Throughout our city is a well-known, controversial, once popular but poorly understood tree. Loved by some, frowned upon by others, there has never been a more puzzling, enigmatic tree. How could a tree that once held so much promise as an all-purpose, compact, flowering, amenity tree fall so quickly out of favor? In the grand scheme of things, why does the story of a small tree that is gradually being removed from the urban palette even matter? This article focuses on the implications of a polarity of forces, working for and against a community's trees; on the consequences of forcing nature to comply with the needs of a growing city, rather than a city that complies to the needs of nature; and of how a forbidden tree can serve to teach us that nature is the wiser, more consummate teacher of beauty and sustainability.
Planted extensively in the 1980s and 1990s, the Bradford pear tree became a dominant feature in many subdivisions, on commercial properties and in parking lots. There has locally never been a more wildly popular landscape ornamental, amenity tree. The Bradford pear tree grows amazingly fast, yet symmetrical, with showy white flowers in the spring and, like fast food for the landscape, satisfies the desire for quick, pleasing, lush landscapes. Initially, they helped sell houses and decorated business properties, parking lots and downtown sidewalks. Although we have lost many of our native trees in the process of urban expansion, the Bradford pear quickly filled our need for fast-growing and affordable landscape trees that did not get too big and take up too much of the space that the larger, more majestic native oaks, hickories, maples and pines demand of us.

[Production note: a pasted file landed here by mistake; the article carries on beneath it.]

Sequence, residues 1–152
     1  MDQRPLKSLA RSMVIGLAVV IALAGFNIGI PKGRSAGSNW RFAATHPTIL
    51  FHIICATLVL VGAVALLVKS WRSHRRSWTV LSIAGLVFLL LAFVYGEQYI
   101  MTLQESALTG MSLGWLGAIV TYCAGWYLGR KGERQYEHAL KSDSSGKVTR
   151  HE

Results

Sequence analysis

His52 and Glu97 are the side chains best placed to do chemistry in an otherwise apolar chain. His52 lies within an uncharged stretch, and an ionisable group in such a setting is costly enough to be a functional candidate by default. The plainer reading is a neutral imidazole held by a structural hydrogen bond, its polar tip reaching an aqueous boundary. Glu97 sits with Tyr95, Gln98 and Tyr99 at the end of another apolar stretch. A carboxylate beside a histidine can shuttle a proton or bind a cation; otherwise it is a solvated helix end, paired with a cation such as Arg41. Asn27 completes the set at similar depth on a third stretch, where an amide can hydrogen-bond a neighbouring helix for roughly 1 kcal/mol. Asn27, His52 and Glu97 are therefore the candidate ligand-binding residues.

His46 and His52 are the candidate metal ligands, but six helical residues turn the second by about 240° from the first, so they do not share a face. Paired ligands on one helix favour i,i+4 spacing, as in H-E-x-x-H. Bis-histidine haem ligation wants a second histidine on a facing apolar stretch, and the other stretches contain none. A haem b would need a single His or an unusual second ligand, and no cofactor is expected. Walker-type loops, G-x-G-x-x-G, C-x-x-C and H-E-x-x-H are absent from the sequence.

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David Lusk is a consulting arborist and president of Lusk Tree Care Services Inc. in Winston-Salem . The Journal welcomes original submissions for guest columns on local, regional and statewide topics. Essay length should not exceed 750 words. The writer should have some authority for writing about his or her subject. Our email address is: Letters@wsjournal.com. Essays may also be mailed to: The Readers' Forum, P.O. Box 3159, Winston-Salem, NC 27102. Please include your name and address and a daytime telephone number.